Wednesday, 31 May 2006 17:00

How to do a flake job without flaking out

Written by Rich Evans
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Every kind of vehicle, instrument, and object have come through my shop over the years. And we've had every type of customer from the conservative, vague and indecisive - to the colorful and unrestrained. To stay ahead in such a diverse and competitive market, we need to be constantly innovative in our designs and artwork. 

The possibility that what we imagine may not be achievable is always a concern. Auto body artists need the ability to take projects from concept to final creation without continually compromising our ideas. With virtually an endless catalog of tools, equipment and supplies, Kustom Shop has really given us the versatility to do just that (

Lately, I've been having a lot of flake jobs - helmets and tanks - come through the shop. Flake and pearl jobs are nothing new, but seem to be enjoying a new found popularity these days - especially in the custom bike industry. There are a lot of bikes being built by a lot of famous world-class builders and, with more media attention than ever before, artists, builders and customers are finding it increasingly challenging to be original.

A good flake job begins with good prep and a flake gun. Painters who don't have a flake gun often mix an intercoat clear or a finish clear with the flake. In my experience, this tends to make the flakes sit on their edge instead of laying flat, which is why I recommend using a flake gun.

Make sure your flake gun is loaded and ready before starting, because you'll have to switch back and forth from flake gun to spray gun. Assuming the piece is wiped down and tack clothed, base coat the piece with the color of your choice. When the base coat is dry and your clear is ready, spray a wet coat and then immediately grab your flake gun and spray a coat as evenly as possible. After a couple of minutes I look for any flakes still standing on their edges. Since I am wearing latex gloves, I gently press down any flakes that aren't lying flat and follow with another coat of clear. Repeat these steps, until you get the desired flake coverage.

Suppose this wild flake finish is not wild enough for you. Huntington Beach Bodyworks offers a large selection of two- stage custom stencils for a walk on the wilder side.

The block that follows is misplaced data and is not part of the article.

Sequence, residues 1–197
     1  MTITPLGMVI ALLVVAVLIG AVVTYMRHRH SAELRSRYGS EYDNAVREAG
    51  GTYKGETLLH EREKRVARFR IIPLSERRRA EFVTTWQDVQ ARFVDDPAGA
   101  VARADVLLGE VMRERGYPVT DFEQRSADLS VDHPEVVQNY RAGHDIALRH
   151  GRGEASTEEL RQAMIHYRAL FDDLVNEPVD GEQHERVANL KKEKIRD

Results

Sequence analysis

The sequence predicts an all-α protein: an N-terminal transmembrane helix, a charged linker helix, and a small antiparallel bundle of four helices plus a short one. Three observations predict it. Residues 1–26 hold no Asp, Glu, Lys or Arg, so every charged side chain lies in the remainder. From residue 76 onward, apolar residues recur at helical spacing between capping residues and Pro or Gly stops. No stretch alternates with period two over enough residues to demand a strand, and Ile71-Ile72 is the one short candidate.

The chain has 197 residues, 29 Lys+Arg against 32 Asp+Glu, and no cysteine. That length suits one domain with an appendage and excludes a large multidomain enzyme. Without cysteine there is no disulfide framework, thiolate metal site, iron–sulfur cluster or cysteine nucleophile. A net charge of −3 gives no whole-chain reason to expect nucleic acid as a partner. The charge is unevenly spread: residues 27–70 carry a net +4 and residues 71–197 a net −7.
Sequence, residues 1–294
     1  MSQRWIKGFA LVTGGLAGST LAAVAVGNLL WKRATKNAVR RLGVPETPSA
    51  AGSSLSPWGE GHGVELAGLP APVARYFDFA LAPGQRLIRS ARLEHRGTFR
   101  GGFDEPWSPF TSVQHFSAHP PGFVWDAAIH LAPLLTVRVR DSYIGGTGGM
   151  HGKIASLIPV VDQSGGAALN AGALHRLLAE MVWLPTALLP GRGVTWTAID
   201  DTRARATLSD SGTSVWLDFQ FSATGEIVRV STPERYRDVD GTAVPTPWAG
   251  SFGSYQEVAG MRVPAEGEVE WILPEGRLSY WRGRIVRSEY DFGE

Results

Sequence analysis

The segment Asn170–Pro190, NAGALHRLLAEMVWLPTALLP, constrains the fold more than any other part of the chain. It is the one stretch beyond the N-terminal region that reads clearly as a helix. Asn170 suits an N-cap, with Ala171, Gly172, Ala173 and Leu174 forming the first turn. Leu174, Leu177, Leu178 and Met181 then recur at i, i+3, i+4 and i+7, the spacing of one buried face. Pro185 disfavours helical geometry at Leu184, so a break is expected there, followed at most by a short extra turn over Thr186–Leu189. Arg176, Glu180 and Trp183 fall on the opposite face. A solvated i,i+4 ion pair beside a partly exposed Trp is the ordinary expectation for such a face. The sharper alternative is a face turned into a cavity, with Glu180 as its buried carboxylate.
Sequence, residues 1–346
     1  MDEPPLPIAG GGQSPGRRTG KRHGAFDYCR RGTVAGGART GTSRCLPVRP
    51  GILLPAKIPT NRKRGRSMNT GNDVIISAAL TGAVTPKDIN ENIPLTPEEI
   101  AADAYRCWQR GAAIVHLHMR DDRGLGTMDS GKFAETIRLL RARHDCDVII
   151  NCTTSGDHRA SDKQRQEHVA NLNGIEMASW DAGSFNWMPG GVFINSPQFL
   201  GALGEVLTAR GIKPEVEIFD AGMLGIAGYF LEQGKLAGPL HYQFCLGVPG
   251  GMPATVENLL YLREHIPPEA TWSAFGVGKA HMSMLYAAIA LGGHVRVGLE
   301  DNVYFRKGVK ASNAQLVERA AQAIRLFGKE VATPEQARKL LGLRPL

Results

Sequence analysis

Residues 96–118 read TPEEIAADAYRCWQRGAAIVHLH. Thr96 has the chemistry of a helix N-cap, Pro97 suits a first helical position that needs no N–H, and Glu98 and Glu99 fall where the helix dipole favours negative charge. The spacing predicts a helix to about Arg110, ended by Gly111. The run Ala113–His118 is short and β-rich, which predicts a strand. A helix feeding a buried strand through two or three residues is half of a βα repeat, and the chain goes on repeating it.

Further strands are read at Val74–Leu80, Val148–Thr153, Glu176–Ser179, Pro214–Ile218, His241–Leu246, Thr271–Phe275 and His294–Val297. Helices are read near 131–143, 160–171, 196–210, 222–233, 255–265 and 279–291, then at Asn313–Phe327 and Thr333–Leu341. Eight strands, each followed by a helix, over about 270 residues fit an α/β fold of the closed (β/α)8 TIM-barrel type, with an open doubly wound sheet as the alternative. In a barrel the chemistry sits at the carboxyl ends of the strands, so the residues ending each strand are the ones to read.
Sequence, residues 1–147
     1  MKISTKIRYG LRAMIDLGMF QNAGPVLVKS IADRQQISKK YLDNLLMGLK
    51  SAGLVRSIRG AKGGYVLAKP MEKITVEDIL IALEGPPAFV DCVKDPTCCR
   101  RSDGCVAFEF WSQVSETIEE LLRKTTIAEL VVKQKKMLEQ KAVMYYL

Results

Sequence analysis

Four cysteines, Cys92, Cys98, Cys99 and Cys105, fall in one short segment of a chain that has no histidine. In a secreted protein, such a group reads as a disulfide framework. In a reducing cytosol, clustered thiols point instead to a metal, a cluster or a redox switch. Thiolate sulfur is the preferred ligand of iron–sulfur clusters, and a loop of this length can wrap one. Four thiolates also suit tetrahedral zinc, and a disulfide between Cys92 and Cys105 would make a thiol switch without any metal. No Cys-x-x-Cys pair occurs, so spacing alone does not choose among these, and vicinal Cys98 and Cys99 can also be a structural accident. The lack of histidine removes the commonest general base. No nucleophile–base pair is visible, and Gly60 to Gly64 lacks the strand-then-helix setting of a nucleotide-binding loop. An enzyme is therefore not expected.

After deciding on a design, tape down the outline stage and spray a base color. Let's say we're painting a skull. This is where a medium bone color is sprayed. These stencils are flexible and have registration marks in the corners to match up with the other stages.

Now line up the detail stage with the outline stage. Many artists new to airbrushing make the mistake of spraying the detail stage with too much paint - leaving a lot of hard lines. The detail stage of the stencil is designed to be used as a tool. Spray a very light, very thin coat to create a ghosted image to trace over your detail, adding new detail, shadows and highlights. This provides the look that most customers are seeking these days.

Buying large containers of flakes and pearls can be expensive and a waste. What are the chances that I'll ever use this pink flake again? It would be a smart idea to buy smaller quantities, so you can have a larger selection of colors. Kustom Shop has an extensive collection of flakes, pearls, color shifting pearls, and have produced over 200 original Huntington Beach Bodyworks stencil designs. Not only do they carry standard flakes, but they have four different sizes of flake from bass boat (.025) to airbrush size - almost pearl like (.004).

As far as pearl goes, nobody carries more variety. The pearls and flakes are produced in a large selection of colors and bottled from 1/2 oz. to 6 oz. sizes. With this kind of variety, shops can now give customers exactly what they want in any kind of finish - flat or glossy, and with a large assortment of colors. Keeping true to our "no job is too small or too big" attitude, it's a freedom that we enjoy and have appreciated very much.

Rich Evans, owner of Huntington Beach Bodyworks in Southern California, is an award winning painter and fabricator. Currently he is offering workshops at his facility so he can share his special techniques to other industry professionals. For more information about Evans, visit


Read 8490 times Last modified on Tuesday, 24 January 2017 00:01